Lawsuits have been filed in many states challenging governors’ and mayors’ public health orders arising from the COVID-19 outbreak. I’m in the Frederick News-Post with a guest opinion piece on a judge’s rejection of the (unusually weak) Reopen suit in Maryland. Excerpts:
In some other states, challengers have won rulings striking down at least some portions of state stay-home orders. But this suit’s claims failed all down the line, and here’s why….
In Wisconsin, Oregon, and Ohio, challengers were able to convince judges that governors overstepped the authority granted under state emergency laws, which may require, for example, legislative say-so for an emergency order’s extension. But Maryland grants its governor broader power than many other states, one good reason being that ours is not a year-round legislature. The General Assembly has been adjourned for weeks and is not going to reconvene in Annapolis every 30 days — in the middle of a pandemic! — to give thumbs up or down on each Hogan order. Nor should it have to. The judge found Hogan had not overstepped Maryland law….
In some states, challengers have successfully argued that governors’ orders were too restrictive toward churches. Those claims failed here too.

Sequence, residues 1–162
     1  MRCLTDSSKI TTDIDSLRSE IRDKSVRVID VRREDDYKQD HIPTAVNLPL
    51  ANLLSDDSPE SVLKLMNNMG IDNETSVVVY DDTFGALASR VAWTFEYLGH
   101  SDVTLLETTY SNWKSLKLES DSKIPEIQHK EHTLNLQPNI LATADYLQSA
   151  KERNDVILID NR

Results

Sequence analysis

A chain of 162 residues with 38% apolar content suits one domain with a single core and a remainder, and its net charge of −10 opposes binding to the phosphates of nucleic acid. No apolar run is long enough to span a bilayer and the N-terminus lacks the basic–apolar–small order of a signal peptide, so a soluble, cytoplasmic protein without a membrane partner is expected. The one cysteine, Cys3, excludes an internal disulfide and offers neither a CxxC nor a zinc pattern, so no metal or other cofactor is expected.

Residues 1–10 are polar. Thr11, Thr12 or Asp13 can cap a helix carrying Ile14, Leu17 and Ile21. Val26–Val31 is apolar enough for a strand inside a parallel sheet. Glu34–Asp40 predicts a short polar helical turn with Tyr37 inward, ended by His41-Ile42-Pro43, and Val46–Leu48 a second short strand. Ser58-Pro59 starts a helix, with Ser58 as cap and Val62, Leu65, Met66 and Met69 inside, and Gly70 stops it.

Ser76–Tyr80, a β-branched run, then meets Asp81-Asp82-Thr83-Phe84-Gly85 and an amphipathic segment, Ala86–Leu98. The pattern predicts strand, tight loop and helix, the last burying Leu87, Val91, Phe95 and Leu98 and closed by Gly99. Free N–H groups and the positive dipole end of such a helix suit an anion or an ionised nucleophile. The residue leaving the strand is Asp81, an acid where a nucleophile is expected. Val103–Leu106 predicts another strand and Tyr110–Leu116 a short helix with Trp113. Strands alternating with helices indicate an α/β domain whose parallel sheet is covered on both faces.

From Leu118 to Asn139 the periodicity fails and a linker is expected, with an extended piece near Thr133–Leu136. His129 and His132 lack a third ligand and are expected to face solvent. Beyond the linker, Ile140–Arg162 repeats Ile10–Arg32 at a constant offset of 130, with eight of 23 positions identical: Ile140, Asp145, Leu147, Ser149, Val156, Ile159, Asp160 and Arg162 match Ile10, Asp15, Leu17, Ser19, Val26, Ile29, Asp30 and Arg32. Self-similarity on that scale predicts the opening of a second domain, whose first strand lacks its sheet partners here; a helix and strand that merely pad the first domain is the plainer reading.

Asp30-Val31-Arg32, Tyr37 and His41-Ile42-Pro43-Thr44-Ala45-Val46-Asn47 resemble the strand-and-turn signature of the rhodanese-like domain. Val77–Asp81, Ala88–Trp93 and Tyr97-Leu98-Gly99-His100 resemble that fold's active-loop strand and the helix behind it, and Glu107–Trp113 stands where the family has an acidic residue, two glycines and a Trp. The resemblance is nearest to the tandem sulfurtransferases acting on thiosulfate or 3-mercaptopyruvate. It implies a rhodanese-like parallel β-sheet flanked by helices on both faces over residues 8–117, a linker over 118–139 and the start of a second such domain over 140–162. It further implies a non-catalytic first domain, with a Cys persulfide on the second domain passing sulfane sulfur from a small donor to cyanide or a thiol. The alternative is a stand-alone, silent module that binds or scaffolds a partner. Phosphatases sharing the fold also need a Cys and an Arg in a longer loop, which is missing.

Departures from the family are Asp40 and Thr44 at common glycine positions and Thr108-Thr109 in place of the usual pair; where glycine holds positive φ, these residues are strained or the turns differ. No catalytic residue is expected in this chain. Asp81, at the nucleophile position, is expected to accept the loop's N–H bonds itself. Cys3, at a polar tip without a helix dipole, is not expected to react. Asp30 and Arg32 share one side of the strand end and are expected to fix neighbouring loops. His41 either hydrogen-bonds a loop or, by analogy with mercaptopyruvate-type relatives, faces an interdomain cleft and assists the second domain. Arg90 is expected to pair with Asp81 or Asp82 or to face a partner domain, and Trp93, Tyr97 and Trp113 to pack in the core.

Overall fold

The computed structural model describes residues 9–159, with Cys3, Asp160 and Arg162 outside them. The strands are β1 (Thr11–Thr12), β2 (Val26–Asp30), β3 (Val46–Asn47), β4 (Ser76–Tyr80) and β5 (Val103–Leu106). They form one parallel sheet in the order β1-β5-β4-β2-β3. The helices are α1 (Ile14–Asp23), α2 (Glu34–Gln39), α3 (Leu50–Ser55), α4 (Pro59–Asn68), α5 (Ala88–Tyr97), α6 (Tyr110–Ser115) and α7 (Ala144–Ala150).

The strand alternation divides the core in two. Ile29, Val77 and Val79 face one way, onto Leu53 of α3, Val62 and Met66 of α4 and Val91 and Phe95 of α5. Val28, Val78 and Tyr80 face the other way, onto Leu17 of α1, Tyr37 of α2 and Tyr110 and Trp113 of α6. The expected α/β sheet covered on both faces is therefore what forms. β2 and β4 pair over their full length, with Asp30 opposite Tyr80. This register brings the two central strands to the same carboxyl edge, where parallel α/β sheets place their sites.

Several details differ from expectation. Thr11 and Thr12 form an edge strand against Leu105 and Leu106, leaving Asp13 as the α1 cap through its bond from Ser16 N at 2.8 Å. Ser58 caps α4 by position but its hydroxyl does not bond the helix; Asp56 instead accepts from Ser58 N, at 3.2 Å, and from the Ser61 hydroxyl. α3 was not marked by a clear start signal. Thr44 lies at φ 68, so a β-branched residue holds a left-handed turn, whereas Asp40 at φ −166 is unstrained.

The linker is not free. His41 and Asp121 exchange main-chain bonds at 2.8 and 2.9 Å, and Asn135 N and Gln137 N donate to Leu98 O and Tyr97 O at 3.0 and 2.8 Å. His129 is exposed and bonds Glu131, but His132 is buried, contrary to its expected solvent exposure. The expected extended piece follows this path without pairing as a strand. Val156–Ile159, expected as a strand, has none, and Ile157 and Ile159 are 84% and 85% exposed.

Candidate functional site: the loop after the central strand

Under the relevant standard, articulated by the late Justice Antonin Scalia in a 1990 Supreme Court opinion, neutral and general laws that burden religion do not violate the U.S. Constitution so long as 1) they are not improperly motivated by a wish to restrict religion, and 2) they do not arbitrarily restrict religious activity when genuinely similar non-religious activity is permitted. This court, like other federal courts, rejected the argument that if stores are to stay open to sell plywood or soft drinks, all other gatherings must be permitted as well. As the judge pointed out, the federal government’s own guidelines designate sale of food and cleaning supplies as essential. And shop-and-leave arrangements can be rationally distinguished from gatherings whose whole point is to congregate closely for a lengthy period. (Religious gatherings have been an important source of outbreaks both in the U.S. and abroad.)
Some other perspectives on Reopen litigation: Bonnie Kristian/The Week quoting me, Ilya Shapiro, Jacob Sullum, Larry Salzman/PLF; Lawfare resources on state emergency authorities and quarantine/isolation laws; NCSL on state law authority.